Both offer a space for us to shut our minds off for just a little bit, and be ever present in the here and now, fully focused on our senses and nothing else. So, music encourages us to be mindful and present, which does wonders for our well-being.
Music as therapy for well-being
It’s proven that music therapy is an effective practice for patients suffering from depression and has also been used to reduce levels of anxiety and feelings of loneliness amongst elders. How can it help?
Here’s some psych trivia for you; music crosses the bridge between the two hemispheres in our brain: bringing together our cognitive thought processor and emotional response processor.
What does this mean? Connecting the two, helps people understand and articulate how they are feeling better. For this reason, music’s a great tool to use in therapy. Being able to explain your emotions helps you understand yourself better, and it also makes getting help easier.
Stronger mental health= better sense of well-being.
Music as an identity
Remember your early teens? I’ve dabbled with a number of stereotypes through different music genres over the years to establish a sense of who I am. Music helps us embark on our voyage of self-discovery. The more sounds you explore, as you bounce from one genre to the next, the more refined your understanding of yourself becomes. It helps you interact with all kinds of people and open yourself up to new and exciting experiences along the way.
Music as a memory activator
A good chunk of our memories have got a tune linked to them. Be it that one song you discovered on your first date in a dingy bar, or a classic anthem you belted out with your friends at a music festival.
When that song comes up on shuffle, be it on your way to work or at the supermarket, you’re instantly taken back to that moment and all the emotions you felt come flooding back. Even though your situation may have changed, those 3.5 minutes of your life contributed to the person you are today, and that’s something to be grateful for.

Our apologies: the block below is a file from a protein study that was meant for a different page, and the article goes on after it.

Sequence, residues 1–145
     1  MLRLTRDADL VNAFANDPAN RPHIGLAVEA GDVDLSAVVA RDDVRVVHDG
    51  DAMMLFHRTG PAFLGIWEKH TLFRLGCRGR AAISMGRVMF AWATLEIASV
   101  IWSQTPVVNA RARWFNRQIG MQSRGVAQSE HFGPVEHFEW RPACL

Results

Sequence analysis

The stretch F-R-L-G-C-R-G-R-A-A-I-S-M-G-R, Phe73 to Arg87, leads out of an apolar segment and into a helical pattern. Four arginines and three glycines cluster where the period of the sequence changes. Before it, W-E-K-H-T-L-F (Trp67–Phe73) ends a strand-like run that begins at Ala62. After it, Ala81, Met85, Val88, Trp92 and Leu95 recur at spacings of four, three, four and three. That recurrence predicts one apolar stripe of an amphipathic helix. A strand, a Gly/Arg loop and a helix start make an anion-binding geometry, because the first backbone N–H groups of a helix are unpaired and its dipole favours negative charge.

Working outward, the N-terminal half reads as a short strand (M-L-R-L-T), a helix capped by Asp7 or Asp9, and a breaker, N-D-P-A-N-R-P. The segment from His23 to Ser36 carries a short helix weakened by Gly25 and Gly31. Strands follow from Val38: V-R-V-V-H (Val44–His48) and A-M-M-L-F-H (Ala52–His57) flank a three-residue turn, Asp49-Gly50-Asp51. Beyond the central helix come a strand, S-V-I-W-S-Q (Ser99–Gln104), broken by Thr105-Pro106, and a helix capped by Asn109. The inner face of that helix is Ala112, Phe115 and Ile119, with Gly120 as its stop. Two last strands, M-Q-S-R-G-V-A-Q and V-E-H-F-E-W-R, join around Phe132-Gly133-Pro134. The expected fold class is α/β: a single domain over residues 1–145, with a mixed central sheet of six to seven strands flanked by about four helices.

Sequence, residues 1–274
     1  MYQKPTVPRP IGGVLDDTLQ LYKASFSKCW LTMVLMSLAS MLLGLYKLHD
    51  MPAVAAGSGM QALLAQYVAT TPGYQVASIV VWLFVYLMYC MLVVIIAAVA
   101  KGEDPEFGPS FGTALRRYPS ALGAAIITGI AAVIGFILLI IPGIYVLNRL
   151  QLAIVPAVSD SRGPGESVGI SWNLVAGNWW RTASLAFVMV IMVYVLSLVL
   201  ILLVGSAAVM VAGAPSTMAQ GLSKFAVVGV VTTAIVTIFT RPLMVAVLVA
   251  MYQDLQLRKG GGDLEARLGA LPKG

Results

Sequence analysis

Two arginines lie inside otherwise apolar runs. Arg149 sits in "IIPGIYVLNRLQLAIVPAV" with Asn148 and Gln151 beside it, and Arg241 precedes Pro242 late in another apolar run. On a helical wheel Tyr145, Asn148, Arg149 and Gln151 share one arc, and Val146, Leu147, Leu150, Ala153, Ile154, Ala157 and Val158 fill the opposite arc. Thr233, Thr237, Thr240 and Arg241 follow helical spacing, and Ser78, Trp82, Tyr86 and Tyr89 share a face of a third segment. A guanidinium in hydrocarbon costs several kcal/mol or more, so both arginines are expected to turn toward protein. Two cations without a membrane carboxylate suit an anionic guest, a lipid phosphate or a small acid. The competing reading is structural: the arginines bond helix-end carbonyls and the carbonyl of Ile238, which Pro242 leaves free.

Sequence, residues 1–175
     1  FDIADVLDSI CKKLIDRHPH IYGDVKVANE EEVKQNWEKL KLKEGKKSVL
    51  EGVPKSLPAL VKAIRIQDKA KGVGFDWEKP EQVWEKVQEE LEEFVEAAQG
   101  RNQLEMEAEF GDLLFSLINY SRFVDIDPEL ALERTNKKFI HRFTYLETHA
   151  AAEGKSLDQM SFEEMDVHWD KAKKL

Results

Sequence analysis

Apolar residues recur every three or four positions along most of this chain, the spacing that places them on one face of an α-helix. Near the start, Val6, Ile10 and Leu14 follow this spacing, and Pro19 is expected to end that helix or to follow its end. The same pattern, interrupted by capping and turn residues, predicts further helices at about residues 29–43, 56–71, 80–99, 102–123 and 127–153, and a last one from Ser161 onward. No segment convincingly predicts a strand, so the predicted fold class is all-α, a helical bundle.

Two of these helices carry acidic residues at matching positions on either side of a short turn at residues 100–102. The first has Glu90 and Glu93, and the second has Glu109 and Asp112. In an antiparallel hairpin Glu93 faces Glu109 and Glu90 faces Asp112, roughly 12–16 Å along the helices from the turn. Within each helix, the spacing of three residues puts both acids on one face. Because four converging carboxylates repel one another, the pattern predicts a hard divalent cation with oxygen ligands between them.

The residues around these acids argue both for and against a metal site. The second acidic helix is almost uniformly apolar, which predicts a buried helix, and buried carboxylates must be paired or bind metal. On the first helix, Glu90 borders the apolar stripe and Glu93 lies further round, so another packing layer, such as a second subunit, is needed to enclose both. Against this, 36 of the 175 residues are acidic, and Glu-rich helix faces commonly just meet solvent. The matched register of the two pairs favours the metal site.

Music as a creative outlet
If just listening to music makes you feel good, think about creating it. Almost all musicians claim that music is an outlet where they can direct any negative emotions into.
Creating music; by playing an instrument or putting a mix together, is a brilliant outlet for self-expression and stress relief. It’s also great for your confidence, once you get comfortable enough with it. Sharing your passion with the world and getting positive feedback, can break down some of your barriers and give you the strength to keep being your authentic self.
Overall on music & well-being
Music’s with us every step of the way. Through the fleeting moments; be it on the streets of Barcelona, in a club at 3am or when we’re powering through our morning run. It’s there to remind us of how far we’ve come and reflect on all that we’ve accomplished, and it’s there to help us through the darker times, so much so, that an entire psychological practice is dedicated to it.
So, I encourage you to go put your records on and let music’s transformative powers shine through you.
“To think is first of all to create a world (or to limit one’s own world, which comes to the same thing)”